There is a great buy on “revolving doors.” The “revolving door policy” has been in effect for decades. Maine, New Jersey and New Hampshire (let’s not forget Washington DC) have a great investment in them. It’s a great “product” to keep your agenda in place. It’s also a terrific “security tool” for “gatekeepers” of elected officials who will eventually climb the ladder to a higher position. Gatekeeper: one who answers the telephone for elected officials and denies you access to your “representative.”
Below is New Hampshire’s latest investment.
One Maine example, (former) York County District Attorney Michael Cantara, with more to be added.
Michael Cantara is a bar certified attorney and was District Attorney of York County. Official corruption was brought to him back in the 1990’s. However, my complaint against Atty. Michelle Robert (who was appointed to the A.G.’s office by Governor Angus King, despite his pledge of a “hiring freeze”) was dismissed by Cantara because Michelle Robert was “his friend and colleague.”
Attorney Mark Lawrence (former President of the Maine Senate) was appointed District Attorney by Governor John Baldacci to fill the vacancy created when Cantara became Commissioner of Public Safety.
Michael Cantara, of Biddeford, served as Commissioner of the Department of Public Safety for nearly four years, then Governor John Baldacci nominated him to the bench.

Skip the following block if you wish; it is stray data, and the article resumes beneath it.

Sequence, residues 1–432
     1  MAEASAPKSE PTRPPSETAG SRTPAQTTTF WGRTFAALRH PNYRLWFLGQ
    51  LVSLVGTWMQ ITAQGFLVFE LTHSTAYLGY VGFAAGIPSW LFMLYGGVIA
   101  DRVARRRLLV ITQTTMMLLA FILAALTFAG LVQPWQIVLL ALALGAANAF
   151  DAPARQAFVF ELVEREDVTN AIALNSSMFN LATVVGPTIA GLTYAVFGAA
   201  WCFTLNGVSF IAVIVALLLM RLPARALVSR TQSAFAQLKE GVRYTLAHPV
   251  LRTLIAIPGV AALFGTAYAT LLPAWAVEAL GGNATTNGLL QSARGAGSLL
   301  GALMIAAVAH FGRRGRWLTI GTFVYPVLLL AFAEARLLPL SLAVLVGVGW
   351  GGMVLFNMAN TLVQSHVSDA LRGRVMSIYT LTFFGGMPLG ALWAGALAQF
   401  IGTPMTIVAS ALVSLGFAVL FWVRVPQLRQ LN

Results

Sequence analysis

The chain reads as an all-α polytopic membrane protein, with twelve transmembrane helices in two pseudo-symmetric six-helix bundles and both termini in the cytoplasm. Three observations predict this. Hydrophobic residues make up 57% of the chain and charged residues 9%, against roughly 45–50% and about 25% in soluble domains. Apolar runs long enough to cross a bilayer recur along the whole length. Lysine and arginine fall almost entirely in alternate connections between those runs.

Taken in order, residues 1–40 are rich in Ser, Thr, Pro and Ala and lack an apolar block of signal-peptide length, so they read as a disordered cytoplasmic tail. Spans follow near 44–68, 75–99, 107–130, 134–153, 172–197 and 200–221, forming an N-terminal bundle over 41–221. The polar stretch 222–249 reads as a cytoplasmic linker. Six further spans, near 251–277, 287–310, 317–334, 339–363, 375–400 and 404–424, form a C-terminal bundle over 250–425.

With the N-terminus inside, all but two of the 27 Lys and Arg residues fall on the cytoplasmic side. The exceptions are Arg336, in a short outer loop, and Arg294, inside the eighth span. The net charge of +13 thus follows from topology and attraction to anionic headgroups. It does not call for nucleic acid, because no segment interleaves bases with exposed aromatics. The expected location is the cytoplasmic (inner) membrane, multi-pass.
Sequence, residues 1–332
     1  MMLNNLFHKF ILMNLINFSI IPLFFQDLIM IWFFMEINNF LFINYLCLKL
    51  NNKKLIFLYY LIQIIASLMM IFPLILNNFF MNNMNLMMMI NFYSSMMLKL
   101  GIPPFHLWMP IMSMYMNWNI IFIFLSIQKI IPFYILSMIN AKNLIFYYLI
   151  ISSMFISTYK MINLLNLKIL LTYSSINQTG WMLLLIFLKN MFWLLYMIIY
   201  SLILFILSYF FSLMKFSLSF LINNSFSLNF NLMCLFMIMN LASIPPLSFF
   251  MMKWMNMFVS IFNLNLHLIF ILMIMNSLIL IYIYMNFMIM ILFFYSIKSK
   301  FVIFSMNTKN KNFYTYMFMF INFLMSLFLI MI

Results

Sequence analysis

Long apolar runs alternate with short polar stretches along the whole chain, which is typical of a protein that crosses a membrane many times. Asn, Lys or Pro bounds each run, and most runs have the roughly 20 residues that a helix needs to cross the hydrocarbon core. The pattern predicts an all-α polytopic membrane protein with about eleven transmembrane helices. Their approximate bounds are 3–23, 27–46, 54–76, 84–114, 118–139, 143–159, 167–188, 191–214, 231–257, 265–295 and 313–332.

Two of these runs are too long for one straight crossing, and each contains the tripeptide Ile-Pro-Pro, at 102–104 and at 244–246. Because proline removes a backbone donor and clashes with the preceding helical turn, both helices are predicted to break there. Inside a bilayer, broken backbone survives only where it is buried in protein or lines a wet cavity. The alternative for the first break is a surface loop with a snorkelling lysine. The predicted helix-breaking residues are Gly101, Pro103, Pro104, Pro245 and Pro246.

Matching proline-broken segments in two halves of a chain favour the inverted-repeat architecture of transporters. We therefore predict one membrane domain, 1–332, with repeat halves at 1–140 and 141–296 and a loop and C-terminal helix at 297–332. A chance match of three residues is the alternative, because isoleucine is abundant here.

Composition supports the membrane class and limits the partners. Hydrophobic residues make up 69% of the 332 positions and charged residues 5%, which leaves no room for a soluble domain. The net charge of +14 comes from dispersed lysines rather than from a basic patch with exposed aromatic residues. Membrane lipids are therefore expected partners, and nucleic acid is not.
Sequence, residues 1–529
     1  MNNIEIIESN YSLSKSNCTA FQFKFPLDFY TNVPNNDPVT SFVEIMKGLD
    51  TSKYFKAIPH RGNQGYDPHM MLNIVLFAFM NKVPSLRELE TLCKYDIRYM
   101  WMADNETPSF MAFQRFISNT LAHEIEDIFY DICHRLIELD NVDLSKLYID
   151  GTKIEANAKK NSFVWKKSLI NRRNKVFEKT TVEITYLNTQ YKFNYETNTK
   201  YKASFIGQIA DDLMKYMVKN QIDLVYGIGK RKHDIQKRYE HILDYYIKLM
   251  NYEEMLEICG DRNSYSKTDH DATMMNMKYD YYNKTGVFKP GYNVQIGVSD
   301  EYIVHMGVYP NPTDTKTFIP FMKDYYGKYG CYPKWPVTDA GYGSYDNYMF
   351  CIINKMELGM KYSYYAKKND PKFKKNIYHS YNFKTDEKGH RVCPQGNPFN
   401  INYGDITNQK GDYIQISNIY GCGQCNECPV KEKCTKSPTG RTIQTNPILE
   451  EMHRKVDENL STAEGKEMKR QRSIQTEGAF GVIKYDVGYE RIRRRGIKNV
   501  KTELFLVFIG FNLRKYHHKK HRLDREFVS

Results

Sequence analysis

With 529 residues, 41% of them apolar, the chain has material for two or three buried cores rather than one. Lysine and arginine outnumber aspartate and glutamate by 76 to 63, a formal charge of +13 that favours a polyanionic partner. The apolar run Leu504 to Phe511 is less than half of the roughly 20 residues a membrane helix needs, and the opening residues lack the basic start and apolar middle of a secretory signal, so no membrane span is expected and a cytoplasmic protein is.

More investments to follow:
Stuart Rabner, N.J., former A.G., currently sits on the N.J. Supreme Court (during the tenure of Jon Corzine)
Janice Rundles, N.H., District Attorney in Strafford County, left office during the Billy Miller debacle and got a job in the N.H. Attorney General’s Office, Homicide Division.
H. Marshall Jarett, Counsel, Office of Professional Responsibility, (shielded the cover up of criminal activity by U.S. Attorneys General of New Jersey and New Hampshire) and reassigned to head the Executive Office for United States Attorneys by Attorney General Eric Holder Jr.
For Immediate Release
June 7, 2011 Contact:
Office of the Governor
Governor Lynch to Nominate Longtime Prosecutor to Serve on the Superior Court
CONCORD – Governor John Lynch today announced he will nominate Senior Assistant Attorney General N. William Delker, a longtime criminal prosecutor for the State of New Hampshire, to the Superior Court at tomorrow’s Governor and Council meeting. The Executive Council must confirm the nomination.
Delker, of Concord, is the supervising prosecutor in the Cold Case Unit in the Attorney General’s Office. He previously served as chief of the Criminal Justice Bureau, and he has been a prosecutor with the department since 1998. Delker led the state team prosecuting Michael Addison for the capital murder of Manchester police officer Michael Briggs.
“Will Delker has distinguished himself as a prosecutor, having been recognized throughout his career for his excellence and professionalism. He has a thorough understanding of the law and has shown a deep commitment to justice and fairness, which are qualities required of any judge in the New Hampshire Superior Court system,” Gov. Lynch said. “Will Delker’s sharp intellect and command of the law is why he has been chosen to handle some of the state’s most difficult and complex cases. He will make a great addition to the courts.”
Delker has also been an adjunct professor of law at Franklin Pierce Law Center and the Massachusetts School of Law. Prior to joining the Attorney General’s Office, Delker was an attorney with the Boston firm of Testa, Hurwitz & Thibeault.
He graduated from the University of Massachusetts in 1991 with bachelors of arts degrees in political science and economics. Delker received his law degree from The American University’s Washington College of Law in 1995.